Exclusive interview: Blood Drive creator James Roland on his grindhouse inspirations for the Syfy series

A bloodied Grace d’Argento standing with her car behind her, a long blade in her hand and with two men on the ground in front of her
Blood Drive’s lead driver Grace d’Argento feeds two low-lifes to her hungry car

Later tonight Syfy debuts perhaps one of its most unusual project to date in the form of Blood Drive.

The series, which is the brainchild of Weeds writer James Roland, is perhaps the first time we have seen grindhouse-style storytelling adapted for television.

We caught up with James to ask him about some of his inspirations for the series as well as future ideas.

Monsters & Critics: Having looked at some of your past writing credits as a television writer, it looks like Blood Drive is somewhat of a break from the norm for you. What made you want to do a grindhouse-style television series?

James Roland: I had a great boss (Mark Burley from Weeds and Orange is the New Black) who encouraged me to enter a contest for fake grindhouse-style trailers.

I had three ideas, and one of them was Blood Drive. But I couldn’t figure out how to make the blood engine for no money, so we shot my second idea instead. It was called Butt Spiders…it was as good as that title suggests.

But some friends kept asking when was I going to write Blood Drive so we could shoot it out in the desert around Los Angeles. They literally bugged me about it for years.

Originally it was a cheap movie idea and the main characters would be Domi and Cliff, who appear briefly in the pilot but have a lot more screen time in Episode 3.

So when I got a manager, he asked me what ideas I had. I pitched him Blood Drive on a whim specifically because it WAS so different from what I was writing at the time, which was more grounded science fiction and horror stuff.

I wanted to snag his attention, and it worked, because he lit up, pointed at me and said “I can sell that!” and he did. Holy s**t did he — the project had a life of its own.

M&C: Grindhouse has had somewhat of a comeback in recent years. So with that in mind, what grindhouse movies other than the obvious did you look at as part of your process of creating Blood Drive?

JR: The obvious ones are of course Grindhouse, Mad Max — the first one in particular — and Death Race 2000. I think everyone commented about those as soon as they saw the first trailer.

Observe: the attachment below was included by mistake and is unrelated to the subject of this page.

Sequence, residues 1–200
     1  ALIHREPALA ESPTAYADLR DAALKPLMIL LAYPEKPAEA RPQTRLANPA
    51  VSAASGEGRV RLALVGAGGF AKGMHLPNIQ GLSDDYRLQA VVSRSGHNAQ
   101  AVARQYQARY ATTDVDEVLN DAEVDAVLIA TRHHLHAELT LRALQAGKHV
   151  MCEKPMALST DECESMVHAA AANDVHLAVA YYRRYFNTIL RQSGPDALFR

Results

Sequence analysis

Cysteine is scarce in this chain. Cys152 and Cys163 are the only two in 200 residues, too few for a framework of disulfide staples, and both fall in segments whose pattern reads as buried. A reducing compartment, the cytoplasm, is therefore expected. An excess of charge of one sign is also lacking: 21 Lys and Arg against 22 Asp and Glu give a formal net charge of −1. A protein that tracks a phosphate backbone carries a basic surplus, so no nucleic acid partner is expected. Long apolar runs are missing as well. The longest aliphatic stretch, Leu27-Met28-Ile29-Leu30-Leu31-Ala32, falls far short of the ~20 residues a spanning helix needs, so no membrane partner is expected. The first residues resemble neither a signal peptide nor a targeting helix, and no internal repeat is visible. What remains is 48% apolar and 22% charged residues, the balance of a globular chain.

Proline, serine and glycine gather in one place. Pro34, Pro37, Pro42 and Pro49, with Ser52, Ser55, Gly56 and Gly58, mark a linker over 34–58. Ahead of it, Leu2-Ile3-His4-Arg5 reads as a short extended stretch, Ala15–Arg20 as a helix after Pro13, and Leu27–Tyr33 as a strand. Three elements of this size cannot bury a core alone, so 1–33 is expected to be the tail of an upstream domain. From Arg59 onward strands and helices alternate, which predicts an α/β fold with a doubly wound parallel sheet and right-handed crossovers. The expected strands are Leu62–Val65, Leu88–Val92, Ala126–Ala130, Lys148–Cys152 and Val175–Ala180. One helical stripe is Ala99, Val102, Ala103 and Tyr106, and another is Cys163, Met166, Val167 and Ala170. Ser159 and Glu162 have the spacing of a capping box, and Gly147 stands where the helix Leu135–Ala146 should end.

But I also have this weird obsession with Galaxy of Terror. It’s a terrible movie that I’ve watched at least three times. There is this weird fever dream quality to it, and honestly great production design from James Cameron.

The movie makes no sense, but is mesmerizing, and I wanted to incorporate that vibe into the darker, weirder parts of the show.

When I recommend that movie to people I warn them to only watch about 20 minutes to get a taste of what it’s like, but they watch all of it and then get mad at me like it’s my fault.

Also Phantasm was a big influence. The dreamlike quality to the narrative and the scares, the way it surprises you at every turn.

God I love Phantasm. And while it’s not strictly a grindhouse movie, it’s — in my opinion – the heir apparent to grindhouse because it’s dark, weird, unsettling, and made outside the studio system.

Both those movies heavily influenced the “evil company” parts of the show, but as for the car-racing part of the show it was three movies: Vanishing Point, Live Like a Cop, Die Like a Man, and Wake in Fright.

Vanishing Point for obvious reasons. But Wake in Fright for the hot, sweaty weird vibe and enormous character arc for its lead character.

Live Like a Cop definitely influenced our tone in terms of humor. It treats its very silly moments with complete seriousness, which is my favorite kind of humor.

M&C: In Blood Drive you have a great mix of characters and, four episodes in, I can already see signs of some development for your leads as well as the villain of the piece. Without spoiling things too much for the many that haven’t seen the show yet, would you mind talking about some of your characters?

JR: Once the show has moved on from script form you really can’t talk about the characters without talking about the actors.

Arthur Bailey was written as a “Ken Doll cop” from the very first draft. The idea was to take someone clean and beautiful and pure and really f**k him up.